Herman Ware got his seasonal flu shot while sitting at a small, wobbly table inside a mobile health clinic. The clinic-on-wheels is a large converted van, and on this day it was parked on a trash-strewn, dead-end street in downtown Atlanta where homeless residents congregate.
The van and Ware’s flu shot are part of a “street medicine” program designed to bring health care to people who haven’t been able to pay much attention to their medical needs. For those who struggle to find a hot meal or a place to sleep, health care can take a back seat.
As he anticipated the needle, Ware recalled previous shots and said, “It might sting.” He grimaced slightly as the nurse injected his upper arm.
After filling out paperwork, he climbed down the van’s steps and walked back to a small cluster of tents. Ware lives in the nearby homeless encampment tucked below an interstate overpass, next to a busy rail line.
Mercy Care, a health care nonprofit in Atlanta, operates brick-and-mortar clinics throughout the city that mainly treat poor residents. Since 2013, Mercy has also sent out teams of health care providers to treat homeless people.
It’s a public health strategy that can be found in dozens of cities in the United States and around the world, according to the Street Medicine Institute, which works to spread the practice.
Relationship Leads To Care
Getting homeless patients to accept help, whether it’s a vaccination or something simpler — like a bottle of water — can be challenging. And giving shots and conducting exams outside the walls of a health clinic often requires a different approach to health care.
“When we’re coming out here to talk to people, we’re on their turf,” said nurse practitioner Joy Fernandez de Narayan, who runs Mercy Care’s Street Medicine program.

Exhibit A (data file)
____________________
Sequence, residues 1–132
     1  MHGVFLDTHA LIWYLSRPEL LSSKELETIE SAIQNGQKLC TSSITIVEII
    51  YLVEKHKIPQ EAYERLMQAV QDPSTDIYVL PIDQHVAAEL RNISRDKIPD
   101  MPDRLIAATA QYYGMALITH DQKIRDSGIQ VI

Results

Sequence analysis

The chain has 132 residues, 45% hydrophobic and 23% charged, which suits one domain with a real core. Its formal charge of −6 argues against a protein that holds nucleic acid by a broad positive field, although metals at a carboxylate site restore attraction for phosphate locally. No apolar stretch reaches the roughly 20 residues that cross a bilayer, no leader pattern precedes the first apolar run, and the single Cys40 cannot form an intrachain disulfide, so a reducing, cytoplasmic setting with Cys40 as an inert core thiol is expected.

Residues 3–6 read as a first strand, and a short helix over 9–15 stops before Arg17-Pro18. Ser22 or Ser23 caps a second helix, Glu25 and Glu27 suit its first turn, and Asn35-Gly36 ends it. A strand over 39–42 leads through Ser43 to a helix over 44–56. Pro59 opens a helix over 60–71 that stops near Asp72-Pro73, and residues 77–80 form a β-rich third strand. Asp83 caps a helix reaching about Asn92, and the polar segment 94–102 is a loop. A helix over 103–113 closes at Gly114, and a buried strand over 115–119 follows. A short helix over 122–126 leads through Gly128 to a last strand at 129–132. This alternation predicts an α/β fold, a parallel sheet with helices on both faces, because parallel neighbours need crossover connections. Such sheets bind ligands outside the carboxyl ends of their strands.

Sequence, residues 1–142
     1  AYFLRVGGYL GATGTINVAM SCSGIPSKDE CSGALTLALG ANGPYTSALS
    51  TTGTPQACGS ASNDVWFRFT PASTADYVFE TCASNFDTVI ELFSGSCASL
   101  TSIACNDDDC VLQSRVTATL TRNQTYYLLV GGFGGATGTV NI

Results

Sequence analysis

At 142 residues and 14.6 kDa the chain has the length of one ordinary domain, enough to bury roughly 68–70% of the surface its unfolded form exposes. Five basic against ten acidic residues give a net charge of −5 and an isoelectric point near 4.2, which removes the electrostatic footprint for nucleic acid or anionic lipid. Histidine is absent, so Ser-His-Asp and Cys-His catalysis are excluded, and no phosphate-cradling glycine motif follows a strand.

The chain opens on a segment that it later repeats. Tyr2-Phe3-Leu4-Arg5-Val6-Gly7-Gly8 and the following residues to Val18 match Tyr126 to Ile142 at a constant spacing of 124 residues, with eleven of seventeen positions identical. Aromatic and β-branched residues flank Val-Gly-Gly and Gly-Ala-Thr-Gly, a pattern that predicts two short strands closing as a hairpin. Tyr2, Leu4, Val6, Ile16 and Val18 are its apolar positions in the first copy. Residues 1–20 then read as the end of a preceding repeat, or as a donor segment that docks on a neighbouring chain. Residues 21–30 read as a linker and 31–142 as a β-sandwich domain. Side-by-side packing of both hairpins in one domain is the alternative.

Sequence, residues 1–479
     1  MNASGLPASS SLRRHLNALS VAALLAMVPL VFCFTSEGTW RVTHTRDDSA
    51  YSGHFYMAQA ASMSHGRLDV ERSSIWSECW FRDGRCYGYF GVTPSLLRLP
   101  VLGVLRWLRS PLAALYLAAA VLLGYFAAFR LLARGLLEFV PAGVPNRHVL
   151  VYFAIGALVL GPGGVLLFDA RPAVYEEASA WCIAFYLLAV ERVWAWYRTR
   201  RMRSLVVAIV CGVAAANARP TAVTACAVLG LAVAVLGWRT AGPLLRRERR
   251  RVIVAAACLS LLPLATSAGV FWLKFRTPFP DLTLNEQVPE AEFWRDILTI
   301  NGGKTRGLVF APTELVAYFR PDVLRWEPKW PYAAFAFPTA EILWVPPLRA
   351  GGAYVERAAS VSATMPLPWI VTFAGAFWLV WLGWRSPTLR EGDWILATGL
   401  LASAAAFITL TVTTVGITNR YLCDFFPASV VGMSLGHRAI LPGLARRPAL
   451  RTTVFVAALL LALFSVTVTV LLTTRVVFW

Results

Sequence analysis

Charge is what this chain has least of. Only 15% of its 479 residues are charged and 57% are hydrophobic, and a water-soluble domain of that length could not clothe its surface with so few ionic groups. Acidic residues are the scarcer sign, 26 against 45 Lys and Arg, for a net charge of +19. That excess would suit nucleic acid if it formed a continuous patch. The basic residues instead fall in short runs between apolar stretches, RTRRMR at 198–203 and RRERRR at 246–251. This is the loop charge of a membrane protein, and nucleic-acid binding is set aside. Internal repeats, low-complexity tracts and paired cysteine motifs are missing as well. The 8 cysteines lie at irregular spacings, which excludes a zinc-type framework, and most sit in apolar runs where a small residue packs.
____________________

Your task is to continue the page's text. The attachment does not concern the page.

“We’ll sit down next to someone, like, ‘Hey, how’s the weather treating you?’” she said.
“And then kind of work our way into, like, ‘Oh, you mentioned you had a history of high blood pressure. Do you mind if we check your blood pressure?’”
It can take several encounters to gain someone’s trust and get them to accept medical care, so the outreach workers spend a lot of time forging relationships with homeless clients.
Their persistent encouragement was helpful for Sopain Lawson, who caught a debilitating foot fungus while living in the encampment.
“I couldn’t walk,” Lawson said. “I had to stay off my feet. And the crew, they took good care of my foot. They got me back.”
“This is what street medicine is about — going out into these areas where people are not going to seek attention until it’s an emergency,” said Matthew Reed, who’s been doing social work with the team for two years.
“We’re trying to avoid emergencies, but we’re also trying to build relationships.”
‘Go To The People’
The street medicine team members use the trust they’ve built with patients to eventually connect them to other services, such as mental health counseling or housing.